Ninth Circuit Holds That Statistical or “Representative” Evidence Can Establish Predominance, But Vacates Order Certifying Class Where District Court Failed to Resolve Factual Issues Concerning Uninjured Class Members

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On April 6, 2021, the Ninth Circuit for the first time addressed a plaintiff’s burden to show predominance at the class certification stage. In Olean Wholesale Grocery Coop. v. Bumble Bee Foods LLC, the court joined the First, Second, Third, Fifth, and Seventh Circuits in holding that a plaintiff must prove predominance by a preponderance of the evidence, concluding that this standard best comports with the U.S. Supreme Court’s directive that district courts perform a “rigorous analysis” to determine whether Rule 23(b)(3) has been satisfied. The Ninth Circuit also clarified that classes may include no more than a de minimis number of uninjured class members, though it declined to adopt a “numerical or bright-line rule” concerning what percentage of uninjured class members would exceed this threshold. [Disclosure: King & Spalding filed an amicus brief in support of Appellants in this appeal.]

  • Various purchasers of tuna products brought this class action suit against defendants StarKist Company, Tri-Union Seafoods d/b/a Chicken of the Sea, and Bumble Bee Foods LLC alleging a price-fixing conspiracy to artificially inflate the prices of tuna products. There was “little dispute over the existence of a price-fixing scheme” given that all three defendants had either pleaded guilty to or admitted to price fixing. The district court therefore focused on whether plaintiffs satisfied the requirements of a Rule 23(b)(3) damages class.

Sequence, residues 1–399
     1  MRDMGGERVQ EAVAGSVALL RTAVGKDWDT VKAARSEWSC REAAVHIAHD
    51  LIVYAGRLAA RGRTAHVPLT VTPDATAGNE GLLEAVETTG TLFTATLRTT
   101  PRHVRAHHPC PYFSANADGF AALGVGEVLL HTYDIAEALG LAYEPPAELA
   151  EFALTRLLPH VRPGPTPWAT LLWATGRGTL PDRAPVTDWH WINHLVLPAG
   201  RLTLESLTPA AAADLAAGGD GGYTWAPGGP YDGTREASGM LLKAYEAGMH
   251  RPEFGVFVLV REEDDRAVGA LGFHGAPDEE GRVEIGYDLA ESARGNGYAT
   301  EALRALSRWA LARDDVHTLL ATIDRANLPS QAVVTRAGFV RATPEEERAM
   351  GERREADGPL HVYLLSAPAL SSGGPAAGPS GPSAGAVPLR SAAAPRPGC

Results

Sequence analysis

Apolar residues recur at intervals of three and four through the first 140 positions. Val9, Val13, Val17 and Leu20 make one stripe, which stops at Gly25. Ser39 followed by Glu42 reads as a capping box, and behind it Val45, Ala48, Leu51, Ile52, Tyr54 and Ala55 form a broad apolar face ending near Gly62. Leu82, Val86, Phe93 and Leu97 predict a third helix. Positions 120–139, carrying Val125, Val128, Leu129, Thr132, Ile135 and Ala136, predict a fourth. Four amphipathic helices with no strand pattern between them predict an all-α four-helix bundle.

• In support of their class certification motion, plaintiffs relied on experts who performed statistical analyses of the class members’ damages, concluding, among other things, that nearly 95% of tuna purchasers in one of the classes overpaid for tuna by an average of 10.28%. By contrast, defendants’ experts concluded that 28% of putative class members suffered no injury at all.
  • The district court certified plaintiffs’ three proposed classes, concluding that defendants’ challenges to plaintiffs’ experts’ methodologies were “ripe for use at trial” but “not fatal to a finding of classwide impact,” and that, despite “potential flaws,” the methodologies were “reliable and capable of proving impact.” In so ruling, the district court stressed that “determining which expert is correct is beyond the scope of a class certification motion.”
  • Defendants appealed the district court’s determination that Rule 23(b)(3)’s predominance requirement was satisfied, arguing that (1) representative evidence cannot be used to establish predominance, and (2) even if it could, plaintiffs’ expert analyses failed to do so because a significant percentage of the class may have suffered no injury at all.
  • With respect to defendants’ first argument, the Ninth Circuit approved the use of statistical evidence in establishing predominance in certain circumstances. The Ninth Circuit further determined that plaintiffs’ particular statistical evidence was permissible because: (1) it could have been used to establish liability in a class member’s individual suit, (2) it was consistent with plaintiffs’ underlying price-fixing theory of liability and thus did not run afoul of Comcast, and (3) the use of averaging assumptions in a regression analysis can be appropriate and was appropriate in this particular case.